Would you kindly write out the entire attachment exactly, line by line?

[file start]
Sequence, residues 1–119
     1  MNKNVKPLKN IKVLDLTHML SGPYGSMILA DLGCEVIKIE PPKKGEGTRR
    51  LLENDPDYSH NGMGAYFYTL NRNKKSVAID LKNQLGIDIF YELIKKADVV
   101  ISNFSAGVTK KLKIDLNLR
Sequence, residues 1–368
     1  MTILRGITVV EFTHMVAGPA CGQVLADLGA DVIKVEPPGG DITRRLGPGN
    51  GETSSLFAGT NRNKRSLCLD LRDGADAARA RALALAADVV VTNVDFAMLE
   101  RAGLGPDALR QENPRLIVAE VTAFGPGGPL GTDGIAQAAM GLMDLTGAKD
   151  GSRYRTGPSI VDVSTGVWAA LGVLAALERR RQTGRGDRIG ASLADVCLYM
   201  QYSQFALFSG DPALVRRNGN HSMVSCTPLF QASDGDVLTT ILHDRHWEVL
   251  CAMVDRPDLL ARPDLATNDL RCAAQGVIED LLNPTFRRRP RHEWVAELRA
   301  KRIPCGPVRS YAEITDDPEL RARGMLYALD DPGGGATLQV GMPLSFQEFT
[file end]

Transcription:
Sequence, residues 1–119
     1  MNKNVKPLKN IKVLDLTHML SGPYGSMILA DLGCEVIKIE PPKKGEGTRR
    51  LLENDPDYSH NGMGAYFYTL NRNKKSVAID LKNQLGIDIF YELIKKADVV
   101  ISNFSAGVTK KLKIDLNLR
Sequence, residues 1–368
     1  MTILRGITVV EFTHMVAGPA CGQVLADLGA DVIKVEPPGG DITRRLGPGN
    51  GETSSLFAGT NRNKRSLCLD LRDGADAARA RALALAADVV VTNVDFAMLE
   101  RAGLGPDALR QENPRLIVAE VTAFGPGGPL GTDGIAQAAM GLMDLTGAKD
   151  GSRYRTGPSI VDVSTGVWAA LGVLAALERR RQTGRGDRIG ASLADVCLYM
   201  QYSQFALFSG DPALVRRNGN HSMVSCTPLF QASDGDVLTT ILHDRHWEVL
   251  CAMVDRPDLL ARPDLATNDL RCAAQGVIED LLNPTFRRRP RHEWVAELRA
   301  KRIPCGPVRS YAEITDDPEL RARGMLYALD DPGGGATLQV GMPLSFQEFT